xbox one 11 -
xbox one 11 -

Microsoft has announced plans to drop Xbox One's controversial DRM policies "as a result of fan feedback", confirming that the console will no longer require online authentication every 24 hours, and that there will be "no limitations to using and sharing games".

"Last week at E3, the excitement, creativity and future of our industry was on display for a global audience," wrote IEB president Don Mattrick on Microsoft news site Xbox Wire.

"For us, the future comes in the form of Xbox One, a system designed to be the best place to play games this year and for many years to come. As is our heritage with Xbox, we designed a system that could take full advantage of advances in technology in order to deliver a breakthrough in game play and entertainment. We imagined a new set of benefits such as easier roaming, family sharing, and new ways to try and buy games. We believe in the benefits of a connected, digital future.

don mattrick111 -

"Since unveiling our plans for Xbox One, my team and I have heard directly from many of you, read your comments and listened to your feedback. I would like to take the opportunity today to thank you for your assistance in helping us to reshape the future of Xbox One.

"You told us how much you loved the flexibility you have today with games delivered on disc. The ability to lend, share, and resell these games at your discretion is of incredible importance to you. Also important to you is the freedom to play offline, for any length of time, anywhere in the world.

"So, today I am announcing the following changes to Xbox One and how you can play, share, lend, and resell your games exactly as you do today on Xbox 360."

An internet connection will not be required to play offline Xbox One games:
After a one-time system set-up with a new Xbox One, you can play any disc based game without ever connecting online again. There is no 24 hour connection requirement and you can take your Xbox One anywhere you want and play your games, just like on Xbox 360.

Trade-in, lend, resell, gift, and rent disc based games just like you do today:
There will be no limitations to using and sharing games, it will work just as it does today on Xbox 360.

The console will no longer be region-locked either, and due to the changes, all disc-based games require the disc to be present in the tray to be played. The option to share titles with up to 10 family members has been dropped, too.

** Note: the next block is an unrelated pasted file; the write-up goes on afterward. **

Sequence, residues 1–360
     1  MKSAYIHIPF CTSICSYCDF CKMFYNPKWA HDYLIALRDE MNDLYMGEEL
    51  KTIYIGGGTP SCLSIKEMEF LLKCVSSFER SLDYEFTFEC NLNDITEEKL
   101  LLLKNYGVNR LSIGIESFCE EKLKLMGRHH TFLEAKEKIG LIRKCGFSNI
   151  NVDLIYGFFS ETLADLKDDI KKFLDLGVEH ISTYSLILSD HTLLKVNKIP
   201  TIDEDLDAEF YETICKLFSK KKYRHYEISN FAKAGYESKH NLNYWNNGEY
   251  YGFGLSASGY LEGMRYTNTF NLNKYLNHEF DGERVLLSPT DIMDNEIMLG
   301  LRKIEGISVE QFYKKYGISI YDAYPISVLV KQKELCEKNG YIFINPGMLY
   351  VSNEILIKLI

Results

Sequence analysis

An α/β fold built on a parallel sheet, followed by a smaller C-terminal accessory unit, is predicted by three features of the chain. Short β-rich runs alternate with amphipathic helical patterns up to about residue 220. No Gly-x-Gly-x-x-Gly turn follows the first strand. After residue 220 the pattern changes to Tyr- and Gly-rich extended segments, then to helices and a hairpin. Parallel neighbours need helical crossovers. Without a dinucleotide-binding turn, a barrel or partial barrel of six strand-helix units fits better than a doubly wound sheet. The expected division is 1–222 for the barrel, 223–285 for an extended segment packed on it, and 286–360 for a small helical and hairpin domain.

Mattrick continues: "We appreciate your passion, support and willingness to challenge the assumptions of digital licensing and connectivity. While we believe that the majority of people will play games online and access the cloud for both games and entertainment, we will give consumers the choice of both physical and digital content. We have listened and we have heard loud and clear from your feedback that you want the best of both worlds.

"Thank you again for your candid feedback. Our team remains committed to listening, taking feedback and delivering a great product for you later this year."

Rumours of Microsoft's plans to alter its Xbox One policy first emerged earlier this evening, after separate reports claimed that Microsoft was to backtrack on previously announced DRM policies.

The news should go some way to revive confidence in fans put off by Microsoft's original policies. But is it enough? Let us know your thoughts on the platform holder's dramatic U-turn below.

Source: Xbox Wire

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Highest Rated Comment

ShadowmanX5's Avatar

ShadowmanX5

I think Microsoft simply tried pushing something that will eventually happen anyway, and forcing it upon people is never the way to do it. What they need to understand is that all you have to do, is make it more convenient for the consumer, treat them with real respect.

Netfix, iTunes and Steam are great examples of this, the reason they are so popular is because they are convenient for the customer, it gives them the option and flexibility to choose. If Microsoft simply make Digital download more appealing then more people will do it.
Posted 12:27 on 20 June 2013

User Comments

Antvomit's Avatar

Antvomit